Gas Chromatography - Tandem Techniques - Gas Chromatography IR Spectroscopy (GC/IR) Systems > Page 42

 

The IR vapor spectrum was then obtained in the usual manner. After completing the IR spectrum some of the solute vapor was drawn from the IR cell directly into the mass spectrometer source using the high vacuum of the mass spectrometer, and a mass spectrum obtained. The carrier gas was then turned on again and the chromatographic development continued. When the next peak arrived the same procedure was used to obtain IR and MS spectra of the next peak. This development process was termed interrupted elution development.

 

To ensure that the quality of the separation was not impaired by the stop/start procedure, a carefully designed pneumatic system was employed. When the elution of the peak was complete (as determined by the detector) and the solute was collected in the packed trap, a solenoid valve at the end of the column closed, and the column released by opening a valve at the front of the column. This caused slight back-development of the solutes remaining in the column accompanied by some peak sharpening. After the trap was heated, a separate supply of nitrogen, (controlled by another solenoid valve) was used to drive the solute back into the heated IR cell. After the spectra had been taken, the trap was then cooled with cold water by actuating another solenoid valve and finally the column terminal valve opened. The column inlet-pressure was brought up to the operating pressure over a period of about 10 seconds using a flow programmer. A diagram of the IR cell is shown in figure 31.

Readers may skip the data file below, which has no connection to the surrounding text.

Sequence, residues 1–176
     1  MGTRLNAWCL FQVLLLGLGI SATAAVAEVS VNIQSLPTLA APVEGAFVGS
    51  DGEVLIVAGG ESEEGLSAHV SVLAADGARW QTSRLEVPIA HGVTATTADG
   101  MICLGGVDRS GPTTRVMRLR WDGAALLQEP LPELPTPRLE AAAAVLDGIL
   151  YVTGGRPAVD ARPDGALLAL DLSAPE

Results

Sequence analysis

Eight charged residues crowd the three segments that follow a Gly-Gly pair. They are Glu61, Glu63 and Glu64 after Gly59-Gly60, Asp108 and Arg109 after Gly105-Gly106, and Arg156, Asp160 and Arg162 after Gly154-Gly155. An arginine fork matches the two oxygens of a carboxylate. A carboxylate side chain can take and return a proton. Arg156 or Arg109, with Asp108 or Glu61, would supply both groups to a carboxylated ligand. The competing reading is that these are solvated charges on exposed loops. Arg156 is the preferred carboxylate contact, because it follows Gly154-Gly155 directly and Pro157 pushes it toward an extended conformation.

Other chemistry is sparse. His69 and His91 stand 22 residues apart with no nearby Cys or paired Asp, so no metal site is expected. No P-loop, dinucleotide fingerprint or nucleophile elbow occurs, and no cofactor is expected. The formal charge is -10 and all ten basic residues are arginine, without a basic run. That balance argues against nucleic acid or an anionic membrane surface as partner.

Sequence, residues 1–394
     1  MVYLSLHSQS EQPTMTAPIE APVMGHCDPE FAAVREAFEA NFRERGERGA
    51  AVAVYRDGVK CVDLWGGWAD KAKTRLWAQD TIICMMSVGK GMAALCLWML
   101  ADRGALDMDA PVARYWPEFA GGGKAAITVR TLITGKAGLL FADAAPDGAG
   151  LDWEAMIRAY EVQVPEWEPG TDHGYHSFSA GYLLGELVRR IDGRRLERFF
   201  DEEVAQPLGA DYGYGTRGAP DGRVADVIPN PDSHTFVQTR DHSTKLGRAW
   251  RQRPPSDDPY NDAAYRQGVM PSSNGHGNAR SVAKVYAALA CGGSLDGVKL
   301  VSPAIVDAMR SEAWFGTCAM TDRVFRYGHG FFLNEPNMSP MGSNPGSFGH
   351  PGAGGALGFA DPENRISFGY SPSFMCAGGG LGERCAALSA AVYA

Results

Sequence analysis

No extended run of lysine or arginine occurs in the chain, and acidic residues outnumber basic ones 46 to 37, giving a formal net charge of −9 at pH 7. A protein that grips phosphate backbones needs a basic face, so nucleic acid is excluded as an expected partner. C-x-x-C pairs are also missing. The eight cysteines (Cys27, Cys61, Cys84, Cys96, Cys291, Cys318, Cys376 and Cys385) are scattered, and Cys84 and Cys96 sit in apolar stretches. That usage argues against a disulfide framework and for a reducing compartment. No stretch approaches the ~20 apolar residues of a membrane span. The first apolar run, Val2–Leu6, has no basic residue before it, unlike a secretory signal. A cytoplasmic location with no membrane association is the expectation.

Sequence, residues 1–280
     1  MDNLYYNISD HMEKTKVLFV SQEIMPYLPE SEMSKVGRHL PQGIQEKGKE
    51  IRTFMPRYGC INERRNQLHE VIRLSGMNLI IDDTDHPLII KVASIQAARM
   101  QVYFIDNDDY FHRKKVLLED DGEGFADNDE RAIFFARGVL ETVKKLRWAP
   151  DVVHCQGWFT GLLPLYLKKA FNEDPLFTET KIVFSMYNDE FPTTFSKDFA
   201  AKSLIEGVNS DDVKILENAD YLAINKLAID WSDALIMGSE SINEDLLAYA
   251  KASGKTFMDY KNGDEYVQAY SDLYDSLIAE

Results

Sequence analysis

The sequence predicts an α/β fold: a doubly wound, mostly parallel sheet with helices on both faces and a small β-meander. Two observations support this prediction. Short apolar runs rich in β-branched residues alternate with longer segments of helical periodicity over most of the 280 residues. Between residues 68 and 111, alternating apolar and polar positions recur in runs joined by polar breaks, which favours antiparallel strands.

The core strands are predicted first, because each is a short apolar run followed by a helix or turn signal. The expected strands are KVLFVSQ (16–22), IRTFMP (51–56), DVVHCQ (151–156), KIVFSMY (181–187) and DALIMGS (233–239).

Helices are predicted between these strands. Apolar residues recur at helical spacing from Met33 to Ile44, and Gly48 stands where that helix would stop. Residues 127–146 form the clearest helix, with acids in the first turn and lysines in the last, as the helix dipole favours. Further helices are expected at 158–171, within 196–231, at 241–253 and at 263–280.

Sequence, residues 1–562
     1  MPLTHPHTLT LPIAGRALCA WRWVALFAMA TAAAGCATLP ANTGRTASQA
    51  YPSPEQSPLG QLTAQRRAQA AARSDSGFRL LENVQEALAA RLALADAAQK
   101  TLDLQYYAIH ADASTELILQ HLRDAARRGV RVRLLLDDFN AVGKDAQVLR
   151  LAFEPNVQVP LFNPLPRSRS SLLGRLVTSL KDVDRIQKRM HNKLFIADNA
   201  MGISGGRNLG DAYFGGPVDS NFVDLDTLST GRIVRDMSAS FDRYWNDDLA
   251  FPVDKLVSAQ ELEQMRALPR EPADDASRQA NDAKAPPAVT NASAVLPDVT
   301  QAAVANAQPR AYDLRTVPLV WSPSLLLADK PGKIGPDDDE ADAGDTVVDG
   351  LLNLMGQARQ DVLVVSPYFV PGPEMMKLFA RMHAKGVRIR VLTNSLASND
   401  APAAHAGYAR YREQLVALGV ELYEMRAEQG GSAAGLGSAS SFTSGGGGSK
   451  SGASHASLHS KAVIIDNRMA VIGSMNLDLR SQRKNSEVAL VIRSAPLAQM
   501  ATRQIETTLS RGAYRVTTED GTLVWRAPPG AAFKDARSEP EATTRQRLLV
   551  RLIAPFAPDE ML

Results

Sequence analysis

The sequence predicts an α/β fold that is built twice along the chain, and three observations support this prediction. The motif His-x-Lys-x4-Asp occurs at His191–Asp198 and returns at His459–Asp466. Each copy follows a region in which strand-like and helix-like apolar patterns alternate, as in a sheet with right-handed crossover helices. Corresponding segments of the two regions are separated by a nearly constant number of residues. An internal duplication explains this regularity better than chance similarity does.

At the time of instrument there were a limited number of IR transparent materials available for cell window construction. The material used by Scott et al. was silver chloride (horn silver) and the cell was gold plated internally to reduce light absorption losses.